No specific requirements are needed, but basic knowledge of Buddhism and East Asian languages is beneficial for your understanding of the topic. The main readings will be in English, with supplementary materials in English and other languages.
Have you ever wondered why most Chinese monastics are vegan, while their Japanese or Tibetan colleagues can often eat meat freely? Why do modern Chinese monastics hoist the flag and sing the national anthem inside the monastery? Or why does the Chinese government have a “visible hand” in religious affairs, including those of Buddhism?
We are not going to answer these questions in the seminar. Nevertheless, this course will explore the historical background to such questions. It will focus on the relationship between Buddhism and the state in medieval China (220—907 CE). In this course, we will discuss several major aspects of this complex relationship, including state control and persecution of the Buddhist community, the political role of the Buddhist clergy, the ideological use of Buddhism, the monastic economy, the initiative of the state in the production and circulation of Buddhist texts. While focusing on the “central state” (Zhongguo 中國), we will also not neglect these aspects in the periphery, such as Tibet, the Uyghur kingdom, and Nanzhao 南詔. Studying the relationship between Buddhism and the state in medieval China will yield important insights into several aspects of Chinese Buddhism today.
You will gain an understanding of the evolving concepts of “Buddhism” and “state,” and their relationship reflected in different case studies
You will grasp the basic discourses in Buddhism and non-Buddhist writings concerning the state-church relations
You will learn how to distil information from historical materials and secondary literature, and analyse it critically
You will practise writing longer academic papers in English effectively
The timetables are available through My Timetable.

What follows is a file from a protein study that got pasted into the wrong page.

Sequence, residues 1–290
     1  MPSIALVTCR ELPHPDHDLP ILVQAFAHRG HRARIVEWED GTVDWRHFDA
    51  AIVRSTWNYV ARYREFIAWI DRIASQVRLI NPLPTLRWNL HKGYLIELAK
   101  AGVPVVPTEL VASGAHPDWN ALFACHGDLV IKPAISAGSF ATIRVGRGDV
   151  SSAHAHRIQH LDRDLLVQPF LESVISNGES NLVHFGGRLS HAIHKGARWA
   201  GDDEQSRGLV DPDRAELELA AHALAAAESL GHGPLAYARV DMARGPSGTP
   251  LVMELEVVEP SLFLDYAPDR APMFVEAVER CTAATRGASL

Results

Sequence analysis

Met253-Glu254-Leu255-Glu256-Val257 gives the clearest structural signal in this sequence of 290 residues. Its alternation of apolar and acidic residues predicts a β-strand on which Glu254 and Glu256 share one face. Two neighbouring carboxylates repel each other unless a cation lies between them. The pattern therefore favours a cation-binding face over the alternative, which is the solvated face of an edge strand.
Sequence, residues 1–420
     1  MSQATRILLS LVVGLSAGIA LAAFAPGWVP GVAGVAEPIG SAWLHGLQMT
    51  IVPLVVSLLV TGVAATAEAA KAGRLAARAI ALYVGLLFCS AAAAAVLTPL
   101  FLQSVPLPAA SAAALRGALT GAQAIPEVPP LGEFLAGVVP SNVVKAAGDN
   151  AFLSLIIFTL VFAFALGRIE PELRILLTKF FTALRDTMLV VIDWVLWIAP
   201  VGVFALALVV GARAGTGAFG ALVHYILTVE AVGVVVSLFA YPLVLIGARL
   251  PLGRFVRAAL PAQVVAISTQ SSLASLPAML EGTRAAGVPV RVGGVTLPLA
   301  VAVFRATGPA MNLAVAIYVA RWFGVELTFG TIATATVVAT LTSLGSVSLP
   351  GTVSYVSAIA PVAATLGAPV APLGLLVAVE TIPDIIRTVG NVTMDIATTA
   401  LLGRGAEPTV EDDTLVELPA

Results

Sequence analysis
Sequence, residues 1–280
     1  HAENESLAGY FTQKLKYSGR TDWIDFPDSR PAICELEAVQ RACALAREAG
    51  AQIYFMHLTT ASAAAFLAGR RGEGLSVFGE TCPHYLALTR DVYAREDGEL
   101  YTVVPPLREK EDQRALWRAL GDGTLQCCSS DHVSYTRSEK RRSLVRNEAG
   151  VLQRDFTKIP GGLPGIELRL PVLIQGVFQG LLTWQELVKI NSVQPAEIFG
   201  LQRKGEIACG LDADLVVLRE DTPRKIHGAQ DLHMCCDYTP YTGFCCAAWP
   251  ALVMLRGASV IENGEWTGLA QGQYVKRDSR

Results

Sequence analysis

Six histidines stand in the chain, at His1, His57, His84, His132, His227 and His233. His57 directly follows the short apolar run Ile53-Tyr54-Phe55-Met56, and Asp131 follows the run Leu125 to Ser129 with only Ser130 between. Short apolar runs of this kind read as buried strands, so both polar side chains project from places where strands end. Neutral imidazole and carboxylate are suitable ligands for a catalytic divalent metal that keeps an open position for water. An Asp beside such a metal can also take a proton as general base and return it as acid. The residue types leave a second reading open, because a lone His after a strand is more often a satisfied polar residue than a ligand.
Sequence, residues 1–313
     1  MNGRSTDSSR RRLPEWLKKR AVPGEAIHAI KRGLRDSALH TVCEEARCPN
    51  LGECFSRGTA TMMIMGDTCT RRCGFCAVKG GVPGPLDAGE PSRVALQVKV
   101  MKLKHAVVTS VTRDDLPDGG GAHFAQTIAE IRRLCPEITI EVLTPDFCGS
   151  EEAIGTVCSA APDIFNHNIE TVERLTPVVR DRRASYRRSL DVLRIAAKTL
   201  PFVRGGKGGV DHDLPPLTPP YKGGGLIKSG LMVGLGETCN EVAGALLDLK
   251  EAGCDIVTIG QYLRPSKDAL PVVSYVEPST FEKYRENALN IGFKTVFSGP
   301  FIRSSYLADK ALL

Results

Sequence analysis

Mode of instruction
Attendance and participation (15%):
You should try your best to participate in each session and contribute your views to the discussion. The participation and contribution should be based on a thorough understanding of the assigned mandatory readings. You are also encouraged to connect the mandatory readings with the supplementary ones.
This component will be graded according to the following criteria: 0=if you miss the class with no reasons; 0.5=if you show up yet did not do the readings; 1=you attend and do the readings. Your absence will be allowed up to two times for good reasons.
Reading Responses (35%):
Before each session (except for the first), you will write a 300-350 word reading response on one or more of the reading materials. This does not mean that you should only read one of the readings. You should submit the response to Brightspace 24 hours before the beginning of our class (i.e. every Thursday before 11 a.m.). I will create the submission entries. The title should be Your surname_Reading Response_Session x. You will be allowed to miss the response up to two times for good reasons.
In the response, you should briefly summarise the topic of the reading and the author’s main argument(s). Then, you have three options to choose from:
point out why you agree or disagree with one or several points in the reading,
or demonstrate your understanding of the topic by relating the reading to the other readings of the session, or relate the reading to what we have discussed previously.